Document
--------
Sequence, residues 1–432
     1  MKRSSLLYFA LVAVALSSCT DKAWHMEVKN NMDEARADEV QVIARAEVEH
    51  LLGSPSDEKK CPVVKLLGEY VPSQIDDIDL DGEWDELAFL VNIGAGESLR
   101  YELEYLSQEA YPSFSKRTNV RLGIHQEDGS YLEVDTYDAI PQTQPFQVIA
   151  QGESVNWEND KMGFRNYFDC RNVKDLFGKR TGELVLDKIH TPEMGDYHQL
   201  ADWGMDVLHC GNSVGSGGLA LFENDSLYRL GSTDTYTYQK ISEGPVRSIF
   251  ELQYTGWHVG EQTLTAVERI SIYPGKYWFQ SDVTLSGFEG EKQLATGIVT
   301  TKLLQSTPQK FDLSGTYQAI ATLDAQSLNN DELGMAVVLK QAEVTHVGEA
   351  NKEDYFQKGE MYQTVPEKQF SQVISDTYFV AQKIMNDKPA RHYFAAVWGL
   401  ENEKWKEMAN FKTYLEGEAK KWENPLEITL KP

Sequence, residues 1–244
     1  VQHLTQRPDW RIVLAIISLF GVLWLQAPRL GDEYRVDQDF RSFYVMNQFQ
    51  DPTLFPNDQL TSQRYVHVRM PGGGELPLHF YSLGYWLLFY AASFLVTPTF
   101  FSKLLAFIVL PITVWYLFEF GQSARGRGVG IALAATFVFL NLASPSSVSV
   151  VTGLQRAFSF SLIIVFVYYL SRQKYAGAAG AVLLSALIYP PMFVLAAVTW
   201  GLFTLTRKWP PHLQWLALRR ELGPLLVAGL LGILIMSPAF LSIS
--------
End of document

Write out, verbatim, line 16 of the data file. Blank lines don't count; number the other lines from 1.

   201  GLFTLTRKWP PHLQWLALRR ELGPLLVAGL LGILIMSPAF LSIS